In the Professional Speakers and Seminar Leaders group at LinkedIn, author George Torok asked a seemingly banal and innocent question:

What annoying phrases from popular culture are speakers overusing in their presentations?

In the space of four days, over 60 people responded and it became a cathartic vent session for everyone who finds him or herself driven up a wall by presenter quirks. Here are a few of the ones that resonated the most with this group:

"No problem" (I never thought it was a problem, until you mentioned that it wasn't. Now, I'm not sure.)

If I hear one more person use the phrase "think outside the box," I think I'm going to scream!

"Am I right, or am I right?" That makes me want to say "no!"

"In my book…"

Misuse of the word "myself."

When presenters show up drunk for a presentation, trip on the stairs to the dais, and throw up on the lectern (that was submitted on April 1…)

"I feel your pain."

"Food for thought."

"I'm going to tell you a funny story." (Just tell it!)

"This is true story." (Aw come on, tell me a false story!)

"You've got to have passion." (I'm passionate about not wanting to hear that expression anymore.)

"At the end of the day" (…I'd rather be home than sitting here listening to you).

"At the end of the day" (…I go to sleep, which is what happens when I hear most speakers).

"Let me unpack this for you."


"May or may not." Well, that narrows it down now, doesn't it?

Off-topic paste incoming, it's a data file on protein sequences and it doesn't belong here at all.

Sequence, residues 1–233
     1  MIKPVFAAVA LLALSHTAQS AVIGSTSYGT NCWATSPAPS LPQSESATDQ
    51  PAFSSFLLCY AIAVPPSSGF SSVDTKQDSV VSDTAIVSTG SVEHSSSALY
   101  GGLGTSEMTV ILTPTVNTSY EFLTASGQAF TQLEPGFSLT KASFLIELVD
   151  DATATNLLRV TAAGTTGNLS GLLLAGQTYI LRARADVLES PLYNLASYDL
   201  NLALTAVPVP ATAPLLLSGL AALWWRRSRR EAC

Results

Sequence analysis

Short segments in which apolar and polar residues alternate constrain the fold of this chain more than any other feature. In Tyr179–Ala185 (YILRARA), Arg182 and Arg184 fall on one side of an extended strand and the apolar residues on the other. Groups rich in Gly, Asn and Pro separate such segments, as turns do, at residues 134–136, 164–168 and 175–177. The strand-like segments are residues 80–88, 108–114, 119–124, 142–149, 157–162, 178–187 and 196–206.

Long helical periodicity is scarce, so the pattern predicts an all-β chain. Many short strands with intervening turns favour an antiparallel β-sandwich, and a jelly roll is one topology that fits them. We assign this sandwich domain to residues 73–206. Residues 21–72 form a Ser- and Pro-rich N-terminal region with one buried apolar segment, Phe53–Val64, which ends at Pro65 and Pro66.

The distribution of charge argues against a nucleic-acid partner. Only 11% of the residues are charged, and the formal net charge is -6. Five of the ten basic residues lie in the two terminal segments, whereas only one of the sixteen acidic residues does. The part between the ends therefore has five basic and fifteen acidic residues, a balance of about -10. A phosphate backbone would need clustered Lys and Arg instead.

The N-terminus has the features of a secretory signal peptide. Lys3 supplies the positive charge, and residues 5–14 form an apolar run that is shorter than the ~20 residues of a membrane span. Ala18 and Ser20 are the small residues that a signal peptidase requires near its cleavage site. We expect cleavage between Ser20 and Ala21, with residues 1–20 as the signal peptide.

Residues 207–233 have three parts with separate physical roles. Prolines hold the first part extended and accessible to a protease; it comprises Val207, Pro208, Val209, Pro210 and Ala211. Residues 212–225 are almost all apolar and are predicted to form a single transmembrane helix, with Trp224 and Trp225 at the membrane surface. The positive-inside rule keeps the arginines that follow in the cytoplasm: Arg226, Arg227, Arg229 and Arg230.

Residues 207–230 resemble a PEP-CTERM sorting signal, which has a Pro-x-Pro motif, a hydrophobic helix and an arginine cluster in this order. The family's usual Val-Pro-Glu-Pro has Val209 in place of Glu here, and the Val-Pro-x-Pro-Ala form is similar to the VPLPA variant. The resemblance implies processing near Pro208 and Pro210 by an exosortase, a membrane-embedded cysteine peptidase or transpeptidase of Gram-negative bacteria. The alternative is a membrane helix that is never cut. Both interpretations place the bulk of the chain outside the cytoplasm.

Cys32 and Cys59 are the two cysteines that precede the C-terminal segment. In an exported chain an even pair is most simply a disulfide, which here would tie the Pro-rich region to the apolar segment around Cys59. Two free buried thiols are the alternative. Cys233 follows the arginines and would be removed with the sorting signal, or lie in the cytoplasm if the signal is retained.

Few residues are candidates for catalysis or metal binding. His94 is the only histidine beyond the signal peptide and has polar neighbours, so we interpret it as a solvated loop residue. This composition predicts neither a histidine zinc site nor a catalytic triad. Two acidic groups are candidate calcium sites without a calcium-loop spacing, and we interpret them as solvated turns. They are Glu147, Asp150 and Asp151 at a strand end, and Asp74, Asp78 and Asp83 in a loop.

"To to be perfectly honest."Is there an imperfect way to be honest?

"Can I be honest with you?" No, please continue to lie to me.

I use "bottom line" probably ten times an hour, I am seeking help…

"Research has shown…" and "Some people say…" Quote the source or shut up. It's a weak way to bring up a counter-argument. It's backed by nothing yet used to validate.

We could go on and on here, but you get the idea: no shortage of annoying phrases that presenters adopt. What are yours??

6 Responses

  1. Rick – this list is great! Another overused phrase:
    “let’s take this to the next level”

  2. “Trust me.” Whenever anyone speaks those two words, I immediately think the opposite.

  3. “You see what I’m saying.”
    My reply is,
    “No, I don’t see what you are saying—I do hear what you are saying.”

  4. I have 2 buzz phrases to add. They can apparently be used alone or together for even less meaning:

    1. “That being said”

    2. “Going forward”

  5. “…in any way, shape or form.”
    And people who insist on starting almost every sentence with, “Now…” One presenter I heard used that word 18 times in a 7-minute presentation.